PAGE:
Don Frye enjoyed amazing success in the UFC. At UFC 9, he defeated Amaury Bitetti by TKO (elbows) in a ten minute bout in a superfight and went on to compete in the tournament at UFC 10. Unlike his debut, Frye was unable to secure a quick victory in the first round - taking more than ten minutes to win by technical knockout over Mark Hall. In the second round, Frye defeated Brian Johnston relatively quickly, scoring a TKO in under five minutes. However, in the final round of the tournament The Predator would lose to former Olympian Mark Coleman in a grueling affair. Coleman used his elite wrestling and vicious ground and pound to neutralize Frye and eventually secure a TKO victory. This would be Frye's only loss in the UFC.
Following another win over Mark Hall, Frye competed for the last time under the UFC banner at Ultimate Ultimate '96. After once again finishing former competitors Gary Goodridge and Mark Hall, The Predator was set to face-off against the angry and vicious David "Tank" Abbott in a Battle of the Brawlers. Tank struck early, hurting Frye with his winging punches. However, Frye capitalized on a slip by Abbot, took his back, and sank in a rear naked choke.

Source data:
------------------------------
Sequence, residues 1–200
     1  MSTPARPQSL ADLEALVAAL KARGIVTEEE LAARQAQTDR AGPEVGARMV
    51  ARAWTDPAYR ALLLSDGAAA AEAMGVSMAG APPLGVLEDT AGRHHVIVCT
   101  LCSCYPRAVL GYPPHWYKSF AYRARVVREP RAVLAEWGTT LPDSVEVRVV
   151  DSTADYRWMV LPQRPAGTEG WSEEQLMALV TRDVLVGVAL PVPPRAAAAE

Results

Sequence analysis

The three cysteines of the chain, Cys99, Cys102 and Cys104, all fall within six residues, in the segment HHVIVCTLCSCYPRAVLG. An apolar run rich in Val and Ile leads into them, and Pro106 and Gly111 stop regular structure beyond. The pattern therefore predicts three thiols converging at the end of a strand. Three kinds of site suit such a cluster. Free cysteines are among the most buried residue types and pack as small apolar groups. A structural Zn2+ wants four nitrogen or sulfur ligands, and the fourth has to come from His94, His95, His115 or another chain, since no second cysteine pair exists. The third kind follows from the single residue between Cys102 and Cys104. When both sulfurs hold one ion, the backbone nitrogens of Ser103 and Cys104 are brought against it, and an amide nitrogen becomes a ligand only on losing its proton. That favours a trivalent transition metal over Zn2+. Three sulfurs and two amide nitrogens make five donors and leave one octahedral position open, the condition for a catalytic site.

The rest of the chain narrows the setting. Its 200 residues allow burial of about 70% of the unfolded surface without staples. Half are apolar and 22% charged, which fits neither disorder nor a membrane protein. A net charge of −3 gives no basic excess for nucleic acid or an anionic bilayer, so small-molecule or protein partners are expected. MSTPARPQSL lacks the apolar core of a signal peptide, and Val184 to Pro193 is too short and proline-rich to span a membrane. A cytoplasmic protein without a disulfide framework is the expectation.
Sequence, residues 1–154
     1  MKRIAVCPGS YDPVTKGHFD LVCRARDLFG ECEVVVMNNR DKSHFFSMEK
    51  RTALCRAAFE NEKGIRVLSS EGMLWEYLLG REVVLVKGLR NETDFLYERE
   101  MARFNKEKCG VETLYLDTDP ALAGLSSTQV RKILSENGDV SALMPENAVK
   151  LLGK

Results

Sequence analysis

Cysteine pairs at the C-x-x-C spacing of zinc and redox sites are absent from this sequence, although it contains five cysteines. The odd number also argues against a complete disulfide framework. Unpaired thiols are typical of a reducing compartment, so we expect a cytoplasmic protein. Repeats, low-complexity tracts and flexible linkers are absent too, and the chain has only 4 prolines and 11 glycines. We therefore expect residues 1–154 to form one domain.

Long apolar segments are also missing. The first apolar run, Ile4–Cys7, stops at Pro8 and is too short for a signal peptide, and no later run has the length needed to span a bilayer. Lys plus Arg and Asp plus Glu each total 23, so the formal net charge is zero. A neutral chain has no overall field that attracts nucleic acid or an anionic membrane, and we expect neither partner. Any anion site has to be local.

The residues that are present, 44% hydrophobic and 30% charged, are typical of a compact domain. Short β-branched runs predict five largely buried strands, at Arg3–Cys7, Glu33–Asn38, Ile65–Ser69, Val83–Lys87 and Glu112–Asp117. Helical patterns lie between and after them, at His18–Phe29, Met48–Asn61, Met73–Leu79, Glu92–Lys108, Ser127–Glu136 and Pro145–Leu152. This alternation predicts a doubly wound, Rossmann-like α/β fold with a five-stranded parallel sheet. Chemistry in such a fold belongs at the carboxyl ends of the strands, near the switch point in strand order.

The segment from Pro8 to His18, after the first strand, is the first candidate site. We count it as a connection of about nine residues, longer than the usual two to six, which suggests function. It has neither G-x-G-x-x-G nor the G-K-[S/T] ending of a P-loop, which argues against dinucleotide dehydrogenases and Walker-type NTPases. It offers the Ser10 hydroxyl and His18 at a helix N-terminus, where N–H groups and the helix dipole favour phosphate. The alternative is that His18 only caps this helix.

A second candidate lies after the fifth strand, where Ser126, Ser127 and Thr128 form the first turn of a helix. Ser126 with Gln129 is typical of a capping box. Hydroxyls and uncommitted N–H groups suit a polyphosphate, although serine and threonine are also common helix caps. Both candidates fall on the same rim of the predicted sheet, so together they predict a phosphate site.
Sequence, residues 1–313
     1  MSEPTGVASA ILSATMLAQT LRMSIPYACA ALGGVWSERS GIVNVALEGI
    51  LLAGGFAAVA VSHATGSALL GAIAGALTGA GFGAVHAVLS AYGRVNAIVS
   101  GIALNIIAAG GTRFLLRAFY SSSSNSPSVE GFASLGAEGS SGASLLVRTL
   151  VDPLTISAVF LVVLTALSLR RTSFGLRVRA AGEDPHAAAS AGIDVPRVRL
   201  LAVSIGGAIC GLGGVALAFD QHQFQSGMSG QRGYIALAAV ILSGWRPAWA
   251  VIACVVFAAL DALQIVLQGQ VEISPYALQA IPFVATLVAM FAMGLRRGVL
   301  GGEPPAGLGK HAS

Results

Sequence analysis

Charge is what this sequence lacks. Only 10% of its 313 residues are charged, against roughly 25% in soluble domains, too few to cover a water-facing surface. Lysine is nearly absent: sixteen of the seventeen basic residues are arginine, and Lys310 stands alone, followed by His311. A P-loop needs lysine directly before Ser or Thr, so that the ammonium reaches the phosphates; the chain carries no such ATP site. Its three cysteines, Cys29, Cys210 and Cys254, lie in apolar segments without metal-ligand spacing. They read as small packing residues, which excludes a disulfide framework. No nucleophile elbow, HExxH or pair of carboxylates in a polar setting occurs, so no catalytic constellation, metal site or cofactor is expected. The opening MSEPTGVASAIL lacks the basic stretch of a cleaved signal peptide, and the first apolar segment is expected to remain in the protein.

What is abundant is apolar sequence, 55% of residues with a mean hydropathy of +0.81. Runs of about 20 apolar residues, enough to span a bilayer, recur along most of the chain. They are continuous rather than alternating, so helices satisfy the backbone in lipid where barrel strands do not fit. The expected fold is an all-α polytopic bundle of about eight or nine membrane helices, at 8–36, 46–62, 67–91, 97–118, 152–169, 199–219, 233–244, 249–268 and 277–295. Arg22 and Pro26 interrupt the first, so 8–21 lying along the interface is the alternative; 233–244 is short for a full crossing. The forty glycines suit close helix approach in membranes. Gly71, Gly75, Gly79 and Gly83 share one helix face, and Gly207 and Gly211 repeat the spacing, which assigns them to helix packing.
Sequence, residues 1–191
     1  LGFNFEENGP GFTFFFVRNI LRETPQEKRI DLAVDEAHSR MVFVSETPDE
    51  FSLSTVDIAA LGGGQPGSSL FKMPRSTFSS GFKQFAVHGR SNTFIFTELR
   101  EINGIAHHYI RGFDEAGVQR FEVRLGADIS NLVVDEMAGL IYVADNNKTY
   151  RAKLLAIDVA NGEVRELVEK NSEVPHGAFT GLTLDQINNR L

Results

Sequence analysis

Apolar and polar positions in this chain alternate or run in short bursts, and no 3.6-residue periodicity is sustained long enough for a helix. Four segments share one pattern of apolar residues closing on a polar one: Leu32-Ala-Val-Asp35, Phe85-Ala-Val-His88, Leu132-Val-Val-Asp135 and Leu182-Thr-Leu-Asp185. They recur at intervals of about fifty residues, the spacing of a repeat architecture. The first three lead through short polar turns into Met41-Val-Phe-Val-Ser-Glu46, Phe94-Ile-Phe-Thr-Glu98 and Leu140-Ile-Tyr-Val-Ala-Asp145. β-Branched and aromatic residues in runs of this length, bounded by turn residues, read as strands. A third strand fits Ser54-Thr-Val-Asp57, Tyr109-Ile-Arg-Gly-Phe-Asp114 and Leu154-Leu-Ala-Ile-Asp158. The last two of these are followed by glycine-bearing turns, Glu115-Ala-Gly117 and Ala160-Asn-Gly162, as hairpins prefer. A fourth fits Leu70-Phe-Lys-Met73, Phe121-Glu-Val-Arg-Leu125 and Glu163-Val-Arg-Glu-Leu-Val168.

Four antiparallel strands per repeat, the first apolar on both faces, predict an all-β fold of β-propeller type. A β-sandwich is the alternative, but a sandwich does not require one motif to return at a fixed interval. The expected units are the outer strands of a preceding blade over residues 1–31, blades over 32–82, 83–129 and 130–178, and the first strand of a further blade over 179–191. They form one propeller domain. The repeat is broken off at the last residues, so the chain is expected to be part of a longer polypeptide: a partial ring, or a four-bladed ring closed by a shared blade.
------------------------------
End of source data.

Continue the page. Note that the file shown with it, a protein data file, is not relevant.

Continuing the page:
After spending some time as a professional wrestler in Japan, Don Frye returned to MMA at PRIDE 16. Frye faced off against the notorious Dutch kickboxer Gilbert Yvel, winning by DQ, because Yvel is a dirty effing cheater. Within the first couple minutes of the first round, Yvel received two yellow cards for flagrant rope grabbing. Additionally, a replay during one of these pauses showed him using an eye-rake to defend Frye's body clinch. Shortly thereafter, Yvel would once again use eye gouging to weaken Frye's position on the ground and set up an armbar attempt, although the referee couldn't see it. Later in the round, Gilbert once again grabs the ropes and is finally disqualified.
Frye's next fight would be against Ken Shamrock. These two legendary fighters faced off in a bout that would change the trajectory of both their careers. There are few fights fueled by legitimate hatred and even fewer that deliver on that animosity - this is one of those fights. I can't say it better, so I'll look to Todd Bergman to describe it: